A few years back, I wrote a post on the lemur family Indriidae: the indri, the avahis, the sifakas. One thing I briefly mentioned in that post is that recent years have seen an apparent avalanche of new indriid species being described. But why has this happened, and how sturdy are these new distinctions?
In 1982, Tattersall provided an overview of Malagasy lemurs that recognised just four species of indriid: the indri Indri indri, the avahi Avahi laniger, Verreaux's sifaka Propithecus verreauxi and the diademed sifaka P. diadema (Tattersall 2007). A fifth species was added in 2008, the golden-crowned sifaka P. tattersalli. But the real explosion has come in only the last ten years or so. Recent workers have proposed the recognition of seven species of sifaka (Mayor et al. 2004), and no less than nine species of avahi (Zaramody et al. 2006, Andriantompohavana et al. 2007, Lei et al. 2008). Each of the species within a genus is generally geographically separated from its congeners, and some species are recorded only from very small ranges.
In the case of the sifakas, none of the new 'species' is actually a new taxonomic entity per se. With the exception of P. tattersalli, all were previously recognised previously as subspecies of either P. verreauxi or P. diadema. The most obvious differences between the various varieties of sifaka is coloration. As noted in the earlier post linked to above, popular depictions of sifakas are heavily biased towards P. [verreauxi] verreauxi, found in the south-west of Madagascar, with a white body and black skull-cap (photo below by Jouan & Rius):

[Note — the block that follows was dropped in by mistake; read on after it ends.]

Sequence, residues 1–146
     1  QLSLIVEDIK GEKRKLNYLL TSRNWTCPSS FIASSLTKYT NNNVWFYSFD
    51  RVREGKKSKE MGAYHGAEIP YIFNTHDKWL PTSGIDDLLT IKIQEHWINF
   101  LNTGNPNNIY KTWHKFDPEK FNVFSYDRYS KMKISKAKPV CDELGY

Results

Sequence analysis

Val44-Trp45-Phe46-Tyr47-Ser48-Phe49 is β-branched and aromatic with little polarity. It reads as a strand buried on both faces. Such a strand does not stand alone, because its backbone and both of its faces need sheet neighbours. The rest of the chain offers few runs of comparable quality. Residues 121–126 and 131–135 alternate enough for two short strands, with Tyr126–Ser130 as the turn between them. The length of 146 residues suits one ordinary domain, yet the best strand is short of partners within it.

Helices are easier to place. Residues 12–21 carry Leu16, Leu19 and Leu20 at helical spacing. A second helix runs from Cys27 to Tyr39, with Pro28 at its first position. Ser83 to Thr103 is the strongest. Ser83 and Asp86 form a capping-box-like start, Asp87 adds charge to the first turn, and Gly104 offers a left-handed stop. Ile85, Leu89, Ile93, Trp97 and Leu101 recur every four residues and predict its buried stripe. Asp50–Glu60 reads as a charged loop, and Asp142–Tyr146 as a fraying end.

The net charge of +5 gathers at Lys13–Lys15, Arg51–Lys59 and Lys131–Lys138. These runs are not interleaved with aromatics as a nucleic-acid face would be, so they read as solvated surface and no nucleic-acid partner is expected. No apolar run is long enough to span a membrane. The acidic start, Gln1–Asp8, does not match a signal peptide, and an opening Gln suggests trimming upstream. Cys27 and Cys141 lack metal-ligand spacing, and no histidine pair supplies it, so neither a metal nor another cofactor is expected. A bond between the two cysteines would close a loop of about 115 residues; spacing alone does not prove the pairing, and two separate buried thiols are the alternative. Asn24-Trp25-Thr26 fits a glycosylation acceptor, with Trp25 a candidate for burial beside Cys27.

However, the sifakas are much more varied than you might think from watching David Attenborough documentaries alone. As well as the red-and-black Propithecus [diadema] diadema illustrated in the earlier post, sifakas vary from the almost entirely black P. [diadema] perrieri of the far north of Madagascar (photograph by Pete Oxford):
to the almost entirely white north-eastern P. [diadema] candidus (photo by Kevin Schafer):
The various sifaka subspecies were analysed by Mayor et al. (2004), who identified them as genetically distinct as well as distinct in appearance, and therefore recommended treating them all as separate species. However, other authors such as Tattersall (2007) have pointed out that morphological distinctions between populations may become less clear when overall variation is considered.